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Sermon on the Mount
“Salt and Light”
There are two things that we value that seem so insignificant at first, they don’t even come up on our radar, but they’re actually needed for our survival.
The first is salt. Too little of it and your food can be under seasoned, but too much can ruin the taste of your food.
The second is light. We all need light to navigate at night or in the dark, otherwise we’ll run into something and/or stub our toe and then wail in totally agony.
After giving us the beatitudes, or the blessed be’s, where Jesus talks about what our attitude as Christians need to be, He then moves into what type on influence we need to have within the world.
Jesus is saying, “Those who are My disciples need affect the world in a positive way, not only by the way they live their lives, but also in the words they say.
Let’s take a moment and look at this section.
“You are the salt of the earth; but if the salt loses its flavor, how shall it be seasoned? It is then good for nothing but to be thrown out and trampled underfoot by men. You are the light of the world. A city that is set on a hill cannot be hidden. Nor do they light a lamp and put it under a basket, but on a lampstand, and it gives light to all who are in the house. Let your light so shine before men, that they may see your good works and glorify your Father in heaven.” (Matthew 5:13-16)
Let’s take a moment and look at the first element.
“You are the salt of the earth; but if the salt loses its flavor, how shall it be seasoned? It is then good for nothing but to be thrown out and trampled underfoot by men.” (Matthew 5:13 NKJV)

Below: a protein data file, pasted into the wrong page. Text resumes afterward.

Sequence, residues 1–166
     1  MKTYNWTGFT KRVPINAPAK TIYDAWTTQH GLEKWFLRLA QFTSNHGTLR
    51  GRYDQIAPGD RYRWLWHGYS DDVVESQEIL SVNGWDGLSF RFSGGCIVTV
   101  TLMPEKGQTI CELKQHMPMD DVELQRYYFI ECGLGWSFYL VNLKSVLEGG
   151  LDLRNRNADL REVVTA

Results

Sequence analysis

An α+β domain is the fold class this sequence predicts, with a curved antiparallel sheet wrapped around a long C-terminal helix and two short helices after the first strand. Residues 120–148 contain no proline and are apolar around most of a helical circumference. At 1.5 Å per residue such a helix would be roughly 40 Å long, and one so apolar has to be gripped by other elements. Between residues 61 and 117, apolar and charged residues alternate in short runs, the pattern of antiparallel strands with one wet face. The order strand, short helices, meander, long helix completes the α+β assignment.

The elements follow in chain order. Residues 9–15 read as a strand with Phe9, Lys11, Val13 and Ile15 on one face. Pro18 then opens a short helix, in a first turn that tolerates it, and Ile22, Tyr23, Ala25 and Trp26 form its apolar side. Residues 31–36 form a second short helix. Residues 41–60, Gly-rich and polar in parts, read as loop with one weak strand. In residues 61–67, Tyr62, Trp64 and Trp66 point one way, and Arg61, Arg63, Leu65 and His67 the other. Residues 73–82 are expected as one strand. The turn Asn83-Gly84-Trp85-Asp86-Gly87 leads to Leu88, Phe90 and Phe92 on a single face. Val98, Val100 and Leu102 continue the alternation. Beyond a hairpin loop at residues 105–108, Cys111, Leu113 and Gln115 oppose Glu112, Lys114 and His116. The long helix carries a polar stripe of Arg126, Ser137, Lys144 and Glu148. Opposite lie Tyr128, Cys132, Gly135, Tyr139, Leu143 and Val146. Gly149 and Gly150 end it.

Salt represents our influence in the world in the way we ought to be.
In ancient times salt was seen as a necessity of life thus great value was placed upon it. Because of its seasoning and preservative qualities salt was one of the most highly prized minerals.
Salt was so important that it was often times used for money, or monetary compensation. In fact, the English word for salary is derived from the Latin word “salarium,” and refers to the payments made to a Roman soldier with salt. The phrase, “Worth their salt,” was derived from this very practice.
Today we really don’t think a lot about salt, that is, unless we have high blood pressure or eating a steak. Most often we think of salt as that condiment that sits on the top of a dining table along with pepper in a bottle with holes in the top. In other words we don’t pay a lot of attention to it.
But back in the days of Jesus people thought a lot about salt placing a great value on this commodity because they were entirely dependent upon it.
So when Jesus likens his disciples to salt, what He meant is that we should be one of the most highly prized and valued people group in the world. So let’s take a moment and look at what salt does and then what we need to do to become this very thing.
Salt Creates Thirst
If you’ve ever eaten anything that’s really salty you know what I mean.
Whenever we come into a setting, whether it’s business or social, others should see evidence of the difference Jesus Christ makes in our lives. They should be able to look at us and say, “I want what they have.”